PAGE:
A Fake Interview with Real* Quotes
Credit: Mark Hirschey
Martial Development: First of all, congratulations: a recent surge in Berkshire Hathaway’s stock price has made you the richest man in the world. $62 billion dollars, I hear. According to my estimates, you could literally buy up all the tea in China.
Warren Buffett: I drink Coca-Cola.
Martial Development: Fair enough. You know, kung fu is all about profitably investing time and effort. As one of the world’s greatest investors, I thought you might have some unique insights to share with us.
Warren Buffett: I’ve never even made a hostile acquisition! What do I know about kung fu?
Martial Development: More than you realize. Continue reading Warren Buffett on MMA Training and Self-Defense
The principle of Subjective Reality—that the universe is consciousness and nothing more—has been employed by authentic spiritual traditions for millennia. Its intended function is not to reveal Universal Truth, but to prepare a seeker for the next stage in their development by dispelling their material illusions.
In other words, Subjective Reality is a spiritual colonic, which for best results must be followed by healthy wisdom food. New-age teachers who skip this critical lesson are like surgeons who excise a tumor, but neglect to close the incision afterwards. Continue reading The Nondual Perspective on Subjective Reality
The same strategies used by a military commander to defend the nation can also be used to protect one’s self. Sun Tzu’s classic manual The Art of War is therefore required reading for all serious martial artists.
Here is a summary of Sun Tzu’s most important points (based on translations by Roger Ames):
On Assessments (計篇第一)
Warfare is the art of deceit. Therefore, when able, seem to be unable; when ready, seem unready; when nearby, seem far away; and when far away, seem near. If the enemy seeks some advantage, entice him with it. If he is in disorder, attack him and take him.
Attack where he is not prepared; go by way of places where it would never occur to him you should go. These are the military strategist’s calculations for victory—they cannot be settled in advance. Continue reading Sun Tzu: A Primer for Martial Artists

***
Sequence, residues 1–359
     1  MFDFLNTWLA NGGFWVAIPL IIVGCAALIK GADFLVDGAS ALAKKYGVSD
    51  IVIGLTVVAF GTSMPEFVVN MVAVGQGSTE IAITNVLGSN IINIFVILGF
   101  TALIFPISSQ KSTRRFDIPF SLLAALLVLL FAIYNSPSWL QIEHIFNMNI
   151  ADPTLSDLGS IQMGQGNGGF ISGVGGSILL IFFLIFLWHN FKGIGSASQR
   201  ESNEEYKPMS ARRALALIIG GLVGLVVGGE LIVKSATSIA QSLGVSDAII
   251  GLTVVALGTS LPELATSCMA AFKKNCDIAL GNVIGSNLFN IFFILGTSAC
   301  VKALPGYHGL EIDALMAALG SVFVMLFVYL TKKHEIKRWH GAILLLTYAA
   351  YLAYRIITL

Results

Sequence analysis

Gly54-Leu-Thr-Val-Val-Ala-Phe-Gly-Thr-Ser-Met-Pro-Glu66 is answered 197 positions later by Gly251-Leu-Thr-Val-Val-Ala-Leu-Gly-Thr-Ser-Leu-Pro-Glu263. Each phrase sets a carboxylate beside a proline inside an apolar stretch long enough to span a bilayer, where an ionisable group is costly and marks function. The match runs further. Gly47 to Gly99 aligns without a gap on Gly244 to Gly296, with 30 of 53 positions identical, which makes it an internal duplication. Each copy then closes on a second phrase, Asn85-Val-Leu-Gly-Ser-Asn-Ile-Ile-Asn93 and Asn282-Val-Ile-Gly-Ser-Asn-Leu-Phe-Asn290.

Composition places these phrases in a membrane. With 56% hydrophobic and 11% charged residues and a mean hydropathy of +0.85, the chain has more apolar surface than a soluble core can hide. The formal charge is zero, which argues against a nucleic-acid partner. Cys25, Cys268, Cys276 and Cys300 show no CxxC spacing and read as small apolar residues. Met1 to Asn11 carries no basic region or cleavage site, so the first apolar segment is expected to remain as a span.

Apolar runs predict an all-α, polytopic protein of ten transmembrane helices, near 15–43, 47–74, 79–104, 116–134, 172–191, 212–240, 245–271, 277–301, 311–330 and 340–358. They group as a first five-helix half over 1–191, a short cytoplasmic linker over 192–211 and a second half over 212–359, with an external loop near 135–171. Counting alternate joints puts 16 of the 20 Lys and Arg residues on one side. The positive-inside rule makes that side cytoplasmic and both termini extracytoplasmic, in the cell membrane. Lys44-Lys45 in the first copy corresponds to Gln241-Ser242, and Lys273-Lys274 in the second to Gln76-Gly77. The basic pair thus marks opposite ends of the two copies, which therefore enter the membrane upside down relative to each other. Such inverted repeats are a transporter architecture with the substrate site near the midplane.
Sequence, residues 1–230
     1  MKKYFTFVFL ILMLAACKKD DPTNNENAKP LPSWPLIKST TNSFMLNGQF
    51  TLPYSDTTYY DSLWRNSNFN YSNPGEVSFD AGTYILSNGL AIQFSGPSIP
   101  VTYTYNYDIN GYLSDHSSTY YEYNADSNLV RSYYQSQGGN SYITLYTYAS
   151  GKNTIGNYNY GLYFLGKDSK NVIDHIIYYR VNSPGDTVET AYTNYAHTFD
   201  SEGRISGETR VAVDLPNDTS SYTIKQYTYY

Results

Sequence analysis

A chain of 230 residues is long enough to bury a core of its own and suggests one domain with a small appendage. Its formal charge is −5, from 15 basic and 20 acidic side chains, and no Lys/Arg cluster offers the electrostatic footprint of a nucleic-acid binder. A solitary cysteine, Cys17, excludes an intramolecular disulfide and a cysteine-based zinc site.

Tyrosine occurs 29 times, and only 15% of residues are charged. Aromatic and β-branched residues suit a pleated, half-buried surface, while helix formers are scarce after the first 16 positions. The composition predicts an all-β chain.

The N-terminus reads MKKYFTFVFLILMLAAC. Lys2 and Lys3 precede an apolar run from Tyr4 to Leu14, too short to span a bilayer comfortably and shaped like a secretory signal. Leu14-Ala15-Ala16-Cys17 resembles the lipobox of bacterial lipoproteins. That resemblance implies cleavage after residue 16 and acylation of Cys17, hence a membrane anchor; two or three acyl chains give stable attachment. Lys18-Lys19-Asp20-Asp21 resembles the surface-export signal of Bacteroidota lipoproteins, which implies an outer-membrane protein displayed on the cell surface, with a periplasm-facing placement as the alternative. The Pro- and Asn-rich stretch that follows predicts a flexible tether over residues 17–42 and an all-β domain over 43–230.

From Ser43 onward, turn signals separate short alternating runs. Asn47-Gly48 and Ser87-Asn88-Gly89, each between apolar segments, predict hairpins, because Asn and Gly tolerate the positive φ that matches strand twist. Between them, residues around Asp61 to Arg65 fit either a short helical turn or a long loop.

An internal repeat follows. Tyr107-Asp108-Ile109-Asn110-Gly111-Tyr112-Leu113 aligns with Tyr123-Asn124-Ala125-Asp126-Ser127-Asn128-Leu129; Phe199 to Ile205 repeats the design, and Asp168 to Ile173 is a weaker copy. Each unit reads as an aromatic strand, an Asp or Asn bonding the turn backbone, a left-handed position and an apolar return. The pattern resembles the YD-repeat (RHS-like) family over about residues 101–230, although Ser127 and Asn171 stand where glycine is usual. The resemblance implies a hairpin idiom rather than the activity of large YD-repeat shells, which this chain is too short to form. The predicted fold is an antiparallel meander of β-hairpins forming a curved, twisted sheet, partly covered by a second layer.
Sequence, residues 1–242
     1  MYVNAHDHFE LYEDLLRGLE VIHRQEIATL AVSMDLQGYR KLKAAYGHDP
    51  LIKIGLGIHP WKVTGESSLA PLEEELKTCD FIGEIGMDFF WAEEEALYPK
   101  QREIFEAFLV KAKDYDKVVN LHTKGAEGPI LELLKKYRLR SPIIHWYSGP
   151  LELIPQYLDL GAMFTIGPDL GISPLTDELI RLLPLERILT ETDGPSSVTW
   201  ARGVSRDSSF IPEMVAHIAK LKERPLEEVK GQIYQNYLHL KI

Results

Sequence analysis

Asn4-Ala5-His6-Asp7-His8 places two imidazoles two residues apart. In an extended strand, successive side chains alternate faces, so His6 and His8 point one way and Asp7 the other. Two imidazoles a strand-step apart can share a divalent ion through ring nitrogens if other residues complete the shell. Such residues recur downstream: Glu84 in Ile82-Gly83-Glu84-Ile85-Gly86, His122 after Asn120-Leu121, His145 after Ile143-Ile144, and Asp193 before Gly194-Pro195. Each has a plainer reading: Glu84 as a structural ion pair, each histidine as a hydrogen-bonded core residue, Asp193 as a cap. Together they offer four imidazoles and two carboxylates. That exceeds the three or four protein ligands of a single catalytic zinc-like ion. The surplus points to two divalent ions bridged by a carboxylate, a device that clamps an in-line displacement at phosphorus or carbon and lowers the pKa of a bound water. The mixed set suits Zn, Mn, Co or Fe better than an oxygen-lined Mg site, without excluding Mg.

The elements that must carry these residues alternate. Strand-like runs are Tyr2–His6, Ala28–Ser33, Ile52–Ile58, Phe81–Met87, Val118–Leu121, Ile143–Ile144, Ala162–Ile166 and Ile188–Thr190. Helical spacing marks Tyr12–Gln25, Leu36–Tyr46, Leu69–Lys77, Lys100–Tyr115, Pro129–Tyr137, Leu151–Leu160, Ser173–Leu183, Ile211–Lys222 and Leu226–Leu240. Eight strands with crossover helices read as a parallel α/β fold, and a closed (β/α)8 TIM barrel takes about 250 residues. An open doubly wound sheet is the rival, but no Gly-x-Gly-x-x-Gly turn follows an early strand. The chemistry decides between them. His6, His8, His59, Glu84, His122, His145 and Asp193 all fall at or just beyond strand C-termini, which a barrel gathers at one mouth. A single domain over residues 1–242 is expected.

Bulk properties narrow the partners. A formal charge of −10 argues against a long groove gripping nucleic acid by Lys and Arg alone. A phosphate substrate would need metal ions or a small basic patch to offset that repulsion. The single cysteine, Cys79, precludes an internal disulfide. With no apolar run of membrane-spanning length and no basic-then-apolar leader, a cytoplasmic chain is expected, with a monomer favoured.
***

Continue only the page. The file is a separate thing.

The relationship between real fighting and full-contact martial arts competitions is like that of the dog and the hot dog. Although they are composed of similar elements—striking and grappling in the former, meat in the latter—one should not be confused for the other.
The essence of a real fight is not found in tactics, or even in intensity. Genuine combat is defined by its absence of fairness and finality. There are no honored champions, and no nobly accepted defeats; in their place are uncertainty, postponement and escalation. Today, you win by knockout; tomorrow, you are shot in the back.
Even death is no denouement, considering its legal and karmic consequences—not to mention vengeful friends and family of the recently deceased, with their own troublesome interpretations of justifiable homicide.
All martial artists know that budo is not for starting fights. Some have unfortunately been taught that martial artists should avoid them altogether. Honestly, avoidance is a tool for agoraphobics and drunks, not warriors; the true purpose of budo is to end conflict decisively.
What can the ancient Japanese code of bushido teach us about conflict resolution strategy? Continue reading Hagakure: The Way of the Warrior is Forgiveness